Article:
Listen to what the student is telling you. Too many tutors try to teach a lot of stuff that they find interesting, but that doesn't help the student directly. You can easily get caught up in passing on your knowledge, and forget that the most important thing is to pay attention to the other person.
It can help if you ask the person in advance what exactly they are looking for. Then you can brush up on the material as required.
Don't do the student's homework for them. Don't even consider looking at homework problems (unless it's problems that have been marked and returned). Make up your own, similar problem.
Also, try not to goof off a lot. Some polite conversation is okay, but if the student goes away having paid for an hour of your time and only gotten a tiny bit of knowledge for it, they won't be happy, even if they were the one initiating the conversation. They probably won't come back for a second session.
>>7639153 That's useful, thanks. A lot of it seems like common sense, but I'm a just a bit paranoid that we'll get to the end of the hour and the student will say "I have learnt absolutely nothing today." Since this is the first lesson, I'm planning on basically going through some examples to judge what level they're on, find out what they're strong in, and make a start based on a rough plan of action. First lesson will be free anyway, because it's not fair to charge someone just for that
>>7639153 I second everything said here. Also, if you're not absolutely awful your student will probably say yes every time you ask if they have understood. The problem is, most of the time they *think* they have understood because they still haven't had the time to think about it long enough. After teaching something, always stop and ask some simple questions to see if they actually got everything right, especially if you know there is a tricky concept that is easy to misunderstand.
>>7639036 I tutored quite a few GCSE students and they all struggled with the basics more than anything. Adding/multiplying fractions, simplifying algebra etc. May be a good idea to cover basic stuff before anything else.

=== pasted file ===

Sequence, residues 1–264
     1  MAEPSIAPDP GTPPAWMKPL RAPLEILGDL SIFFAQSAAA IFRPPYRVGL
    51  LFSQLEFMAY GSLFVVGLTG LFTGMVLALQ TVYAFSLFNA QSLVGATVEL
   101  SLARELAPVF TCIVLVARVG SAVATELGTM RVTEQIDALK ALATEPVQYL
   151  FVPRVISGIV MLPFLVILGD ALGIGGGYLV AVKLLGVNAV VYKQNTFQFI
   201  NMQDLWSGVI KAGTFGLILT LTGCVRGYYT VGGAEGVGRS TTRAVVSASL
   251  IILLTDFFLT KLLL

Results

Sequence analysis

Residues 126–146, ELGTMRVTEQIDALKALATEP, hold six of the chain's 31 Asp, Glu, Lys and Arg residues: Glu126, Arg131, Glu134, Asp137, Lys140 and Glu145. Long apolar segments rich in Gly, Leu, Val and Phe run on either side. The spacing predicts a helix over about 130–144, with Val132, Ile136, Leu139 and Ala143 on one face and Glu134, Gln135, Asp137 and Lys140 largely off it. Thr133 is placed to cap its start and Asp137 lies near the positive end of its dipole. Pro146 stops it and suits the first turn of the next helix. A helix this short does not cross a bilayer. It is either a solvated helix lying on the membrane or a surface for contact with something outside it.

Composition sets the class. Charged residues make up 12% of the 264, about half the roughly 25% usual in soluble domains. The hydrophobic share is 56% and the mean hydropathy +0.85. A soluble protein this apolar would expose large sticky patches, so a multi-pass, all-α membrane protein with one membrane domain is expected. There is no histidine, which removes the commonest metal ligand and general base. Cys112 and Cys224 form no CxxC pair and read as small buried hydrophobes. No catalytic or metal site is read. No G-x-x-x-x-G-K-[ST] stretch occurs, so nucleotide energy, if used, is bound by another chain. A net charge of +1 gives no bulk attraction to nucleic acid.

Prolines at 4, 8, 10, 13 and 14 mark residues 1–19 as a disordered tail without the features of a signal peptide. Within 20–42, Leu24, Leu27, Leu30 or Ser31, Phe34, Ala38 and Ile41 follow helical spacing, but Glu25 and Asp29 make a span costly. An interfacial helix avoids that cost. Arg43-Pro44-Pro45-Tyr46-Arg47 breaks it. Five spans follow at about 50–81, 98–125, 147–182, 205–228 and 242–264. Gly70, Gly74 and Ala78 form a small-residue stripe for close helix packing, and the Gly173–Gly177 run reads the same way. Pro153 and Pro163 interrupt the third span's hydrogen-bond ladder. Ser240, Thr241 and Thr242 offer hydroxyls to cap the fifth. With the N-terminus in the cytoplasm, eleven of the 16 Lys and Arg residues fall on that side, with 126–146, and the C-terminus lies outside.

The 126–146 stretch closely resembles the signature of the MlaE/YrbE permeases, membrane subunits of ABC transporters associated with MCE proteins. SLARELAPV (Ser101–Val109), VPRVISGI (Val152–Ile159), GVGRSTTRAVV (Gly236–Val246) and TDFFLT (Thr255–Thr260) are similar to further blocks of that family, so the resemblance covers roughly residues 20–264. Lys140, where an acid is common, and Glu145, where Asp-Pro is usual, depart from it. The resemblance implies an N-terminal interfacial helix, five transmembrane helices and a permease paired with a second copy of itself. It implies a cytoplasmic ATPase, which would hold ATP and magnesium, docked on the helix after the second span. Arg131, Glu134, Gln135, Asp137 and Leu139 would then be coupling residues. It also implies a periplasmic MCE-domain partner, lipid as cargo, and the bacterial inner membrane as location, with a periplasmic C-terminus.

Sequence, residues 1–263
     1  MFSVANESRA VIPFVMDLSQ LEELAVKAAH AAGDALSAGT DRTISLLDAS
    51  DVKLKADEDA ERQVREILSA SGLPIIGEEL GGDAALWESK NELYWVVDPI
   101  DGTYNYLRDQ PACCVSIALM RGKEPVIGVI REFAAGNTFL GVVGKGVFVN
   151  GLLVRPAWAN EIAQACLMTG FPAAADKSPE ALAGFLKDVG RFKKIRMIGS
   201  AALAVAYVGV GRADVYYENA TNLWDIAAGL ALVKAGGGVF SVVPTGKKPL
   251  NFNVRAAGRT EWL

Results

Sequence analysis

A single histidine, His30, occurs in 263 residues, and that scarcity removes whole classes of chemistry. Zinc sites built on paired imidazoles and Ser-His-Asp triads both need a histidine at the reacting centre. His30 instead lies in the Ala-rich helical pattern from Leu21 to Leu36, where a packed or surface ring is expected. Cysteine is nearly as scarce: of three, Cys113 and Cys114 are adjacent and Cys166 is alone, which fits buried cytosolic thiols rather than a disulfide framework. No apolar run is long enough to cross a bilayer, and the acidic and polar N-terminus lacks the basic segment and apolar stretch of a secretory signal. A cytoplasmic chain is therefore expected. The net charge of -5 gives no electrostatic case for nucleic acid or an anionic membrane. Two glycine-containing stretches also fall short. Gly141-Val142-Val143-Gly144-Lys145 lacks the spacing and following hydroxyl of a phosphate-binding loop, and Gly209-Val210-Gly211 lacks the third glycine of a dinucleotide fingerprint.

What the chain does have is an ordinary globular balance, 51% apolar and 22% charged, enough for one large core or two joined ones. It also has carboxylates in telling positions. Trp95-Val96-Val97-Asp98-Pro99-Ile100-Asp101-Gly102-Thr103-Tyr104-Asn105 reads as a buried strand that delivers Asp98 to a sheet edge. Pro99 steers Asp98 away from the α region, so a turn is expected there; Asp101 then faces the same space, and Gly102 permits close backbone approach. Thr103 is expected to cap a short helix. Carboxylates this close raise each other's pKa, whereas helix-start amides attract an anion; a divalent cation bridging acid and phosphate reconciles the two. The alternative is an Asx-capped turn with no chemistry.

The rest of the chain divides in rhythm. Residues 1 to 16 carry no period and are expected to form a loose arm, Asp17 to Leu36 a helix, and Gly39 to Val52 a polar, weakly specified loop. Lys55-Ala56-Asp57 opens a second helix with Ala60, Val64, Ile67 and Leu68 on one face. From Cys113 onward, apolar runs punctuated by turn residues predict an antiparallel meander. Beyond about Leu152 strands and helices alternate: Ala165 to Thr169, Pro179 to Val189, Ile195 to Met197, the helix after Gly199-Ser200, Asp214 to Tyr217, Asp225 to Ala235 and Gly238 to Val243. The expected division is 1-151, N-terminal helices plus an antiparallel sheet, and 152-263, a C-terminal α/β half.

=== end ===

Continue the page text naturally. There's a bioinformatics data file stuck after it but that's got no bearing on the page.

tutoring is fucking easy, i was tutoring kids A-level maths whilst i was doing my A-levels (but had done normal maths A-level a year early because i did 3 maths A-levels)
the hardest part of it is not getting frustrated when they dont understand easy concepts, but all you need to do is make sure you are comfortable enough with the material that you can prove exactly why everything works when you explain it.
a) capable but lazy/ADHD/bad discipline/emotionally unstable b) incapable and/or dumb
And to people who'll tell me that I'm just a shit tutor: You'll eventually end up with a person who hasn't grasped math since the introduction of fractions and doesn't really care any way and who just got forced there by their parents, and you'll patiently explain everything for a whole hour only for it all to be blown away by the time you meet again next week.
It's a huge frustrating waste of time. Better sign up to be a tutor for college courses and engage with smart people who actually care about learning, and improve your own knowledge by teaching.
>>7639036 3rd year engineering undergrad here, started tutoring for the first time last month. Currently have 2 students on my books doing A-Level maths and physics.
Make sure you know what exam board they're on and then just go online onto the bountiful revision sites to see what the syllabus for each module is like.
Make a little crib sheet with a few problems for each topic and important discussion points.
A thing I've noticed a lot since I've started tutoring, is that the parents/students want a bit more than what you get in school and that usually involves showing some derivations/proofs for things e.g. differentiation, sum of a geometric series.
The most important piece of advice I could probably give you is that never ever show anger/disappointment in your expression when your student doesn't understand a topic you found easy when you were a student. It's the small things like these that heavily influence whether or not they find you a sufficiently adept tutor.
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